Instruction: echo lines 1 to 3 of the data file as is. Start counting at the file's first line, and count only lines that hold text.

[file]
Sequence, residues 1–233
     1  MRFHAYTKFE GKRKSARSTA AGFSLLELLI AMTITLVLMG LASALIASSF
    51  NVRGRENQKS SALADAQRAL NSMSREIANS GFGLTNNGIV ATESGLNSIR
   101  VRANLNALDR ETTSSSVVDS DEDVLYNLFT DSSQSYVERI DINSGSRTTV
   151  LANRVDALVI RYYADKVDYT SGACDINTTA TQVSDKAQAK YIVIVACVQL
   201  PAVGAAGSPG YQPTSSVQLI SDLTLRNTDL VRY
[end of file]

Sequence, residues 1–233
     1  MRFHAYTKFE GKRKSARSTA AGFSLLELLI AMTITLVLMG LASALIASSF
    51  NVRGRENQKS SALADAQRAL NSMSREIANS GFGLTNNGIV ATESGLNSIR